“He told me, ‘You’re going to want to jump through the phone to help them, and you won’t be able to,’” she recalled. “And he was right.”

Hawn said she started Alert Whidbey 2.0 because she has the time and wants people to know what’s going on around the island.

There was another social media page with a similar name where Hawn used to post about house fires and car accidents, but she decided to start her own page when an administrator kept deleting her posts.

“I think it’s important to show people, to open their eyes,” she said.

Hawn estimated it takes 20 seconds to type out a call. Sometimes she will wait if it’s a particularly active call like a house fire and provide updates as she hears them. She will also wait if the call is a crime report to try to make sure her posts don’t tip off the perpetrator.

“I wouldn’t want my page to be the reason someone got away,” she explained.

Sometimes the calls are difficult to hear and she needs to go back and correct them, or the information keeps changing as first responders learn more. She also doesn’t follow up on calls — although she wonders about the outcome — but instead reads about them in this newspaper.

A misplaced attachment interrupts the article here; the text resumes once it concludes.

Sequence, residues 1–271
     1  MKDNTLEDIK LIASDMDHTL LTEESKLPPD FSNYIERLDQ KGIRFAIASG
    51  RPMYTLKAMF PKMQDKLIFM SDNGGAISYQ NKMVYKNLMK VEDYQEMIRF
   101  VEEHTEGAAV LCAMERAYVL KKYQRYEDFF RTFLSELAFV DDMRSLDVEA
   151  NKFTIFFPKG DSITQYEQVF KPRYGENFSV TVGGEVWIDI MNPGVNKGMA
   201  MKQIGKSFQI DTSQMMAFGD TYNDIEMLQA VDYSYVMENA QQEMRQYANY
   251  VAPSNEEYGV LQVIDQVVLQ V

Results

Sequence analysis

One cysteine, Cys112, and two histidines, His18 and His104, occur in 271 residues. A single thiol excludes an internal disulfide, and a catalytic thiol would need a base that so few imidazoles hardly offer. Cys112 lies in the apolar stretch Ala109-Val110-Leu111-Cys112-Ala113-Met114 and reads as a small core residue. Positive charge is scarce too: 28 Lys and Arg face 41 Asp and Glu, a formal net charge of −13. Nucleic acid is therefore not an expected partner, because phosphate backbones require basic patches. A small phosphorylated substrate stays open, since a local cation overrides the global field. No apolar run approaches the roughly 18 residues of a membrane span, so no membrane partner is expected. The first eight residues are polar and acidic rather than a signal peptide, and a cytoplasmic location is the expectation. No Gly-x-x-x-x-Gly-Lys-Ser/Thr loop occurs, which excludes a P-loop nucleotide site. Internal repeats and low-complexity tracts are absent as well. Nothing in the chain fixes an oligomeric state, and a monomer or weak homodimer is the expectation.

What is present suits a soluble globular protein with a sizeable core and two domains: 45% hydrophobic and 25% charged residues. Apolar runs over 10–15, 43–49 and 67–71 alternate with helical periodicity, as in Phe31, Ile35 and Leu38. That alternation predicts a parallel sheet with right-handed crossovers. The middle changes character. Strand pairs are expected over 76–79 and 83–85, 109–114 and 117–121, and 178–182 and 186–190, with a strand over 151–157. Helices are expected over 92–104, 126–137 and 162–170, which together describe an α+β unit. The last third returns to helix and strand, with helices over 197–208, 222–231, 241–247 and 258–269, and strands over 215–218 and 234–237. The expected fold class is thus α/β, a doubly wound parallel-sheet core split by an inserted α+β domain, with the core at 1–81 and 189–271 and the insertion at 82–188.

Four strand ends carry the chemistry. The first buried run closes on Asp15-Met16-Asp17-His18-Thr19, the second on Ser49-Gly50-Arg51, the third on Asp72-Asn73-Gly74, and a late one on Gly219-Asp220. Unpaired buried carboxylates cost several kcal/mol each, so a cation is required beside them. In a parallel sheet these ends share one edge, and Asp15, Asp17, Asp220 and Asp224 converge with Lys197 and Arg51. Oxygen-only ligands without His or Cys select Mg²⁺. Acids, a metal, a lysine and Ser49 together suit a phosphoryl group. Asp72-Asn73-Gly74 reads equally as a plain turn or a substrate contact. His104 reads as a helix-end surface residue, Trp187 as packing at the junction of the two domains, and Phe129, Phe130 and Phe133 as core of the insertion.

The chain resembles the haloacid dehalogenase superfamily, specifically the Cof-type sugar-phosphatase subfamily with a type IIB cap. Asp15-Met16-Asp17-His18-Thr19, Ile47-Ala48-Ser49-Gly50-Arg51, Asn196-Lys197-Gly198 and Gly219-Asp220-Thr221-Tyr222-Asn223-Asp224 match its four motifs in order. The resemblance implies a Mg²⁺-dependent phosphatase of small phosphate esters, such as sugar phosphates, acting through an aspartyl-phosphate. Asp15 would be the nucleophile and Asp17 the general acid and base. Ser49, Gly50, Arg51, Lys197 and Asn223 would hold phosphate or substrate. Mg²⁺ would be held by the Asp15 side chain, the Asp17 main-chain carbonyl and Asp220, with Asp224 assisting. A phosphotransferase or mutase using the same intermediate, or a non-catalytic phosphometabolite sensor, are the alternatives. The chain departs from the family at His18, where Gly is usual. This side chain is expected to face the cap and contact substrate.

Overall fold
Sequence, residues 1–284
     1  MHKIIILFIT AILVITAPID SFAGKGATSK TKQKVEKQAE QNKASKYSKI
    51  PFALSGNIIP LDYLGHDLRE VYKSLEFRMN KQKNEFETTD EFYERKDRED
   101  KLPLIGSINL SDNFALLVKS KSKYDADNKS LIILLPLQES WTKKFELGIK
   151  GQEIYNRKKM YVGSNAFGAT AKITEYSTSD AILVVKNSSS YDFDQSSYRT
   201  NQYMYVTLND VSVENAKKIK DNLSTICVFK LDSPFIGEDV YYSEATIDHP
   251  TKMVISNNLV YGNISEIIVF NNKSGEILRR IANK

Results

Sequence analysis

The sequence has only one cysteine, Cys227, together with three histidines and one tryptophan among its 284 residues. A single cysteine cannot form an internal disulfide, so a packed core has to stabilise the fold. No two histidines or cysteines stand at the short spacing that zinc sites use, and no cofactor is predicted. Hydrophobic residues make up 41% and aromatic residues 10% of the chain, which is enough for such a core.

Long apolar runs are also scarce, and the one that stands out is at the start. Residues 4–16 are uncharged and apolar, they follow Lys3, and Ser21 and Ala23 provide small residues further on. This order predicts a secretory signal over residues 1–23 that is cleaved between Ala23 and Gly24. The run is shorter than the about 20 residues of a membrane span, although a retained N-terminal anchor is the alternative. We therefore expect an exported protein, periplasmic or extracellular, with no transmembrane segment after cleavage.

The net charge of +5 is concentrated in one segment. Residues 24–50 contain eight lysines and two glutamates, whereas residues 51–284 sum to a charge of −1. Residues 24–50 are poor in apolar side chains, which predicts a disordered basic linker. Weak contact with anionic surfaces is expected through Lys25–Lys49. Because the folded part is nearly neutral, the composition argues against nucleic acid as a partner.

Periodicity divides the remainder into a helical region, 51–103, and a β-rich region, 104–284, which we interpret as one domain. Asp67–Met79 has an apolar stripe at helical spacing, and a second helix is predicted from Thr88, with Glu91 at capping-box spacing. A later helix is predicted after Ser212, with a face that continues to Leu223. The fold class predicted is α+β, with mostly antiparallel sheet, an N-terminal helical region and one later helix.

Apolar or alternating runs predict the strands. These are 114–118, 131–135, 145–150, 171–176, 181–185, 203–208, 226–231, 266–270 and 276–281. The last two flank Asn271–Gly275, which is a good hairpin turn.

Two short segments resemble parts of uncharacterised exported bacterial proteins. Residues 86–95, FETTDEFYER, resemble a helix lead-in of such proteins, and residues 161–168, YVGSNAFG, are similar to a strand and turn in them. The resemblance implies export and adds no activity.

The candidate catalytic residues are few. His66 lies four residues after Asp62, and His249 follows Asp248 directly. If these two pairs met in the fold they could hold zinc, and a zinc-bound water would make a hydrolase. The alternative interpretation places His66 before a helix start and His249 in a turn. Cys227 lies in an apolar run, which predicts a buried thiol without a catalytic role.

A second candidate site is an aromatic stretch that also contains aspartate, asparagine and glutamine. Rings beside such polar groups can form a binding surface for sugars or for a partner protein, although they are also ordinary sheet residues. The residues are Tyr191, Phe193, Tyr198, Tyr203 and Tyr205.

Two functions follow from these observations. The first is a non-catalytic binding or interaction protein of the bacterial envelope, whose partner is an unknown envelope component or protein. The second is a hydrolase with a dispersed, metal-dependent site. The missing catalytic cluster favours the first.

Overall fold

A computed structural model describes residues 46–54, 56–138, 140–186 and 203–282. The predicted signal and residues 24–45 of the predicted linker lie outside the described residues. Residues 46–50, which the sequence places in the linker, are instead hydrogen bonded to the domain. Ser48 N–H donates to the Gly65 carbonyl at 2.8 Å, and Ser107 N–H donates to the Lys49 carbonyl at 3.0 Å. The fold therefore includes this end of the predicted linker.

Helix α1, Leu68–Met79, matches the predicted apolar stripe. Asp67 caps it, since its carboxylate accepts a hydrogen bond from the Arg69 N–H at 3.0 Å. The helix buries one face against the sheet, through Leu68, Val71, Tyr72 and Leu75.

She has heard from people who appreciate her efforts, like when she told a woman what to do when a tree fell on her house. She noted that she has a significant audience located on the East Coast, many of them people with sons or daughters stationed at Naval Air Station Whidbey Island.

However, she has heard from critics and admits she’s made mistakes. Sometimes people complain about the wording or claim she posts too much private information. She doesn’t post a person’s name but will provide cross streets.

She has learned to be careful about the wording of some calls. Most of her posts are close to verbatim of what is said on the radio, but certain calls will simply be described as a “medical call” or “disorderly” instead of going into great detail.